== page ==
Ana is your typical tween obsessed with her looks, Justin Bieber, and Facebook. But guess what? She hates her pretty freckles because Ana is at that age we felt we had to be perfect blemish-free and perfectly proportioned. The cruel reality is Ana has it good compare to me back in ’86. My coke bottle glasses and braces coupled with really bad acne?! C’mon Ana. Seriously. At any rate, her best friend Martina, a Frog/Door man, and 3 cute but mean witches are going to make these the fastest most enjoyable 96 pages you will read in Spanish this spring.
Note this review has a spoiler alert. Okay, so is it so bad that Ana Googles everything? (bad habit mija)? Well there you go kids reason 103 not to Google cosmetology tips for tweens. She does anyway and at the top of the results along with those adds is this totally titillating message. “Do you want to remove your freckles and get some serious looks from the boys this summer?” Everyone’s answer is: Yes! Sign me up.
Ana is mortified because her best friend Martina, a slightly chubby and stereotypical BFF signed her up for an audition and everyone is wearing make up and pretty dresses (but not her). To add insult to injury in the audition the boy of her dreams (I forgot his name he is rarely mentioned) has her read a funny tongue twister and everyone was laughing at her including La Chiclona (she who chews gum 24/7). So after all this, Ana leaves school early and gets the boldness to go through this crazy freckle surgery (sort of). This is probably the weakest point on the novel, it’s not believable even with all the imagination in the world.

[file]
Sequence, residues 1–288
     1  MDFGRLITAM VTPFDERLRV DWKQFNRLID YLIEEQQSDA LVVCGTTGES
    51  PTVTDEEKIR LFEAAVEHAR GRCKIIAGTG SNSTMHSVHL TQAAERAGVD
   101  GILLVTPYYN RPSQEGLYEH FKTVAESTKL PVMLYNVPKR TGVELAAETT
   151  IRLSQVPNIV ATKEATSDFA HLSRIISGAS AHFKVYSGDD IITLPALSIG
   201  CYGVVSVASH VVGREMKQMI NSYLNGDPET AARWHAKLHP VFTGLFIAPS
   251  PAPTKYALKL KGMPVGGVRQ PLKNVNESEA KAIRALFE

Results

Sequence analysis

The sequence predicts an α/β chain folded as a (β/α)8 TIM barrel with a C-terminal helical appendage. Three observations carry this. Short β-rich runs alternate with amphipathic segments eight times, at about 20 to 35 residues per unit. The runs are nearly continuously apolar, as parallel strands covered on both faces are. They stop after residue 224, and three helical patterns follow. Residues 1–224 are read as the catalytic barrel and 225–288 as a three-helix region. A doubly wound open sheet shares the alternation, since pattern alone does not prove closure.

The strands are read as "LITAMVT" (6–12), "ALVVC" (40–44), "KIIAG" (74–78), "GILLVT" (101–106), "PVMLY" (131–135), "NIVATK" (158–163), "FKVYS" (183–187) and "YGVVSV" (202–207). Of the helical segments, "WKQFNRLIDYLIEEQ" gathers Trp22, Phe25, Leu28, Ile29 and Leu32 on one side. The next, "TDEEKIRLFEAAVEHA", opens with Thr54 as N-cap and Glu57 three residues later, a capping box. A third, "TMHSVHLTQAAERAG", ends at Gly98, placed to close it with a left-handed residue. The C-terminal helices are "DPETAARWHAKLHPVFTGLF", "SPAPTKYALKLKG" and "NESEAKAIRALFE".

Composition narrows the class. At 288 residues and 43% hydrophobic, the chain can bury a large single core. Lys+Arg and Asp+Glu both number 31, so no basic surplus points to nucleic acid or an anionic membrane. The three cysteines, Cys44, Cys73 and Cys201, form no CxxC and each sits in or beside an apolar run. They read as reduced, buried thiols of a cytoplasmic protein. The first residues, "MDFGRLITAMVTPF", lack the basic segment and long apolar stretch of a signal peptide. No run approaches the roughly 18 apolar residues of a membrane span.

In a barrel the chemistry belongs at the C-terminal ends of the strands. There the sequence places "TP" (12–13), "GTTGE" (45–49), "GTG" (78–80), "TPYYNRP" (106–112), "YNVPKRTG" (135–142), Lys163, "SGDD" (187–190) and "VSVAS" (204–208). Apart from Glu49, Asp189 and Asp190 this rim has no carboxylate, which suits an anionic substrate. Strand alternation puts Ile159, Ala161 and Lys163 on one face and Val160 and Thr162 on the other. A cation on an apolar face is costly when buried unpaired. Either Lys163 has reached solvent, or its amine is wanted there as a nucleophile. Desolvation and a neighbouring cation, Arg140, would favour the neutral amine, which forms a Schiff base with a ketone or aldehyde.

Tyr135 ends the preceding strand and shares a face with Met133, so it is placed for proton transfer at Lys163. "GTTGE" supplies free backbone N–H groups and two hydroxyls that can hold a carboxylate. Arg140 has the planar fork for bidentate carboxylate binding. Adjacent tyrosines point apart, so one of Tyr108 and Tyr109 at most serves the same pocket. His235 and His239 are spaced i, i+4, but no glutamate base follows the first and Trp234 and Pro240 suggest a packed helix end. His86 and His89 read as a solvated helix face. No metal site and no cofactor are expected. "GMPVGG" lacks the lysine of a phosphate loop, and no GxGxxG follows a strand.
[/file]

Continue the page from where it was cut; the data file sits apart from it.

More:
Well like all the surgeries under 300 pesos in Tijuana, this one is botched as well. Darn it Ana! Oh well thank god is the weekend because she devices a plan to make sure this so-called doctor does the right thing after all. I will leave it there so you will be curious how it ends. Oh I almost forgot mEy!’s illustrations are kinda cool for that Indie Coffee Shoppe art gallery but not sure the artistic ambiguity works for 3rd graders, it could be an Argentinean thing (in this case) but I kind of forgot about the handful of illustrations since they were in black and white except for the cover. Oh yes the Index is also in the back (weird) along with a recipe (which is very appropriate) and ruler you can cut out from the book jacket itself (another issue for public libraries.) Urano, in the future just have it as a tear away in the middle of the book. Another thing this was Fraticelli’s freshman try and it shows. The characters need more meat, developing, depth as well. It’s hard for 2 guys to be writing about 2 tween girls especially since our experiences are nothing like the cat-like girl on girl bullying that goes on in schools today. Regardless of my criticism, I certainly would recommend for School and Public Libraries
Ana and the Cursed Freckles/Ana y la maldicion de las pecas by Nicolas Schuff and Damian Fraticelli. Illustrated by mEy! Urano/Uranito. Buenos Aires. 96 p. Paperback $10.95 USD Available as eBook ISBN 9789871710843. Ages 10 & up.